The test was upstaged by Wednesday morning’s sensational announcement that two-time Formula One World Driving Champion Fernando Alonso, of McLaren/Honda, would be competing in the 101st running of the Indy 500 with Andretti Autosport on May 28.
The 14 drivers completed an unofficial total of 2,240 laps in the test. Also participating were Team Penske’s Josef Newgarden; Andretti Autosport’s Takuma Sato; Ed Carpenter Racing owner/driver Ed Carpenter and teammate Spencer Pigot; A.J. Foyt Racing drivers Conor Daly and Munoz; Andretti Herta Autosport with Curb-Agajanian driver Alexander Rossi, the reigning Indianapolis 500 champion and Harding Racing driver Gabby Chaves.
“So far, so good,” said Rahal, who won last year’s rain-plagued and postponed event here in August with a late-race pass around James Hinchcliffe. “The bottom lane seems to have a pretty good level of grip. When we get up off the bottom lane, it’s a little slippery right now. With the (NASCAR) Cup rubber and everything else, it’s going to take some time for that to come in. I know we’ll put on a good show when we come back in two months.”
Power said Turn 1 now presents a tighter radius along with the reduced banking. “But once the grip comes and you’re wide-open it’s very similar,” Power said. “There’s no tire degradation so it really looks after the tires a lot.”
Pagenaud noted the exit of Turn 2 is different than last year. “It definitely helps, I believe, side-by-side racing,” Pagenaud said. “It’s just about us understanding how to make the tires work with the racetrack the best way possible. It used to be a tire-chewer here, but that is not the case anymore.”
Stewart-Haas Racing’s Kevin Harvick won the NASCAR Cup Series pole for last week’s O’Reilly Auto Parts 500 at 198.405 mph. The 14 INDYCAR drivers turning laps in the second session topped Harvick’s pole-winning speed by at least 10 mph, with Dixon’s hot lap of 220.432 mph more than 22 mph faster.
“The cars are very different than NASCAR,” said Newgarden, who crashed-out of last year’s race in his Ed Carpenter Racing Chevrolet before the event was red-flagged and rescheduled because of rain in June. “They are a lot lighter, tires are different, the way we drive the cars with the downforce is different.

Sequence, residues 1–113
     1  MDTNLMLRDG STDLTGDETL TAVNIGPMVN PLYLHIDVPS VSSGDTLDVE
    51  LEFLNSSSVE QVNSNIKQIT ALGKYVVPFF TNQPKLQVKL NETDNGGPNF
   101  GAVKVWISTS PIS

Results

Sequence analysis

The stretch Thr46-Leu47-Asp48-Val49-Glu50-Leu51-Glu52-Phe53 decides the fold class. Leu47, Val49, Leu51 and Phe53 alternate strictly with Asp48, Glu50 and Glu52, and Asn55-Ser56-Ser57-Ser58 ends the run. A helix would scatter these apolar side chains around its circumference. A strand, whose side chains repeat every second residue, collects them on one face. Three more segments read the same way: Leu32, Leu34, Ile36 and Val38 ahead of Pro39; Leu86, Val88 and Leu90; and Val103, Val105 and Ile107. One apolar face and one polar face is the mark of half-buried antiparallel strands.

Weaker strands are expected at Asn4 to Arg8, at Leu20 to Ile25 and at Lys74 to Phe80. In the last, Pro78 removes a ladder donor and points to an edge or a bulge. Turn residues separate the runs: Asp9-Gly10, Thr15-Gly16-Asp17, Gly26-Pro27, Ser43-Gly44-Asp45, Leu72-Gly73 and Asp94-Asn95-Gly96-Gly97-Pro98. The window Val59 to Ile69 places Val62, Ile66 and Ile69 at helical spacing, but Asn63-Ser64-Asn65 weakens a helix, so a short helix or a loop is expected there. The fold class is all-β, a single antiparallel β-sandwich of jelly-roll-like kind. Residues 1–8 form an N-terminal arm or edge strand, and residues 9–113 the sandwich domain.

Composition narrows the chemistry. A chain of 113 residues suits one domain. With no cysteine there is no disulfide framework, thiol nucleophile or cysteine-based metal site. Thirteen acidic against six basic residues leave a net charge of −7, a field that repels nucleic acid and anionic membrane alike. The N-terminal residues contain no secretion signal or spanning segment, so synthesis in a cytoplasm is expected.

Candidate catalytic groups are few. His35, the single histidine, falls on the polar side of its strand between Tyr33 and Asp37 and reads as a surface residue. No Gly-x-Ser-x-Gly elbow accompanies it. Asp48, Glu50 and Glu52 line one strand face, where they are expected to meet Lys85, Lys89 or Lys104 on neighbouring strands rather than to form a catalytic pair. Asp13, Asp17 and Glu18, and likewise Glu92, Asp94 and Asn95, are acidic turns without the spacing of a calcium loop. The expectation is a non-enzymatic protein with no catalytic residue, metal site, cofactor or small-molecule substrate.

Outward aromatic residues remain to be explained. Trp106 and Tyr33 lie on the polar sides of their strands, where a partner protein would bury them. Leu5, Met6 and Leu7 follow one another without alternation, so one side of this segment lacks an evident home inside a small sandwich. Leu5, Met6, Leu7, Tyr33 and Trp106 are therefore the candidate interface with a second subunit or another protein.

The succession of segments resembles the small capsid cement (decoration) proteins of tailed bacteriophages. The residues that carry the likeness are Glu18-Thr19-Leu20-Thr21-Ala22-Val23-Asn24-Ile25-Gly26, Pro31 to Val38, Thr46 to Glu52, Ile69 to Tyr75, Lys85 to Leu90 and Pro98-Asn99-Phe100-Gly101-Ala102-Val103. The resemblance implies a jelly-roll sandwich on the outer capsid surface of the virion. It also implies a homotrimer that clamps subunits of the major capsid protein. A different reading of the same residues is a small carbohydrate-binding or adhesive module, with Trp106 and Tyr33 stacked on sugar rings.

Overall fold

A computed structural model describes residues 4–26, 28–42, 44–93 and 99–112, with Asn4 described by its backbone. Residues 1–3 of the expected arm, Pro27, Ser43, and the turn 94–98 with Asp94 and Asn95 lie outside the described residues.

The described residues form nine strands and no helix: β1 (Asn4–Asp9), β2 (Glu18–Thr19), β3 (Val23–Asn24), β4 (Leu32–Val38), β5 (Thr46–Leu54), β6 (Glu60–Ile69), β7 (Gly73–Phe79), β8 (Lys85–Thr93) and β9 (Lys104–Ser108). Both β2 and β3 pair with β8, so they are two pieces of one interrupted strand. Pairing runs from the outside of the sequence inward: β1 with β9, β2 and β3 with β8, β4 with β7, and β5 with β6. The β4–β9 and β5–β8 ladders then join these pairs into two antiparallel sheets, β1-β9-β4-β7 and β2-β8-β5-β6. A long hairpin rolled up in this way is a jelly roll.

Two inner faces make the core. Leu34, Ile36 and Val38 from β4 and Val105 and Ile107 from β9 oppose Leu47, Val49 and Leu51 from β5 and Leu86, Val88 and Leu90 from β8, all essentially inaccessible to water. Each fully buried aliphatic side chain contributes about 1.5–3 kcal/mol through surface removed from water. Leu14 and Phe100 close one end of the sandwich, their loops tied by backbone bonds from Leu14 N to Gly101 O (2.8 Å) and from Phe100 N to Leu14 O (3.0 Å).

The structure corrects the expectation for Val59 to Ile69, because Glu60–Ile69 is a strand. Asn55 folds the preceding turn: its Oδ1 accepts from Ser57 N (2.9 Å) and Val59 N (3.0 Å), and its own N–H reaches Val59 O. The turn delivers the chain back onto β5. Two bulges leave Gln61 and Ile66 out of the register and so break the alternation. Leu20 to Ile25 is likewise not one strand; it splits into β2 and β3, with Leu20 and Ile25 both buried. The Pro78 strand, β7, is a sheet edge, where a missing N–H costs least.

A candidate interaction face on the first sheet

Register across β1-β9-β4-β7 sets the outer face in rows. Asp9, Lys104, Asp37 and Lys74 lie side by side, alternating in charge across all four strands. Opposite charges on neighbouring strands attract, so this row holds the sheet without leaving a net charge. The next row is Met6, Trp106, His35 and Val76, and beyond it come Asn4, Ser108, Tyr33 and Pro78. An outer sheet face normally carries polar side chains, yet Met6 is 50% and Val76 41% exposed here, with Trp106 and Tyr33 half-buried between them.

“We’re just trying to figure what’s going to be the best race _ how do we put on a good race but also a safe and proper race that the drivers can drive themselves and they just don’t feel too stuck to the racetrack where they can’t make a difference from a driver standpoint.”
Castroneves, a three-time Indy 500 champion, praised the cooperation between the sanctioning body and teams on the premises.
“It’s huge for us as a series to learn and we are working as a group and not as individuals,” Castroneves said, “trying to help everyone that we have not only a competitive race but most important a safe race. A long time ago we used to have a very risky scenario (pack racing) that we don’t want to happen again. I think teams are cooperating at this point. But it’s very valuable every time you come to a place when it’s completely new _ because it is completely new right now _ it’s always good information.”
Several Honda-powered entries did not participate in the open test, as they arrived in Cowtown mounted with higher-mileage engines and INDYCAR officials decided to take a cautious approach. Drivers who did not test were Max Chilton, Charlie Kimball, Tony Kanaan, point-leader Sebastien Bourdais, James Hinchcliffe, Ryan Hunter-Reay and rookie Ed Jones. … Reigning Verizon IndyCar Series champion Simon Pagenaud led all drivers in both sessions for laps run. The Frenchman logged a session-high 87 laps in the first and 127 in the second. The drivers combined to run 1,152 laps in the first test session and 1,088 laps in the second. … Gabby Chaves of Harding Racing did not log any laps in the first session. Chaves was on-track for the second session and logged 49 laps. … Weather for the test was cloudy and 67 degrees at the outset and reached the high 70s by end of the day. The average temperature for the June 10 race date of the Rainguard Water Sealers 600 hovers around 90 degrees. … Ed Carpenter of Ed Carpenter Racing and James Hinchcliffe of Schmidt Peterson Motorsports were scheduled for a private Firestone tire test Thursday at Texas Motor Speedway. … Tickets for the Rainguard Water Sealers 600/ Rattlesnake 400 NASCAR Camping World Truck Series race weekend June 8-10 are available by contacting the Texas Motor Speedway ticket office at (817) 215-8500 or by visitingwww.texasmotorspeedway.com.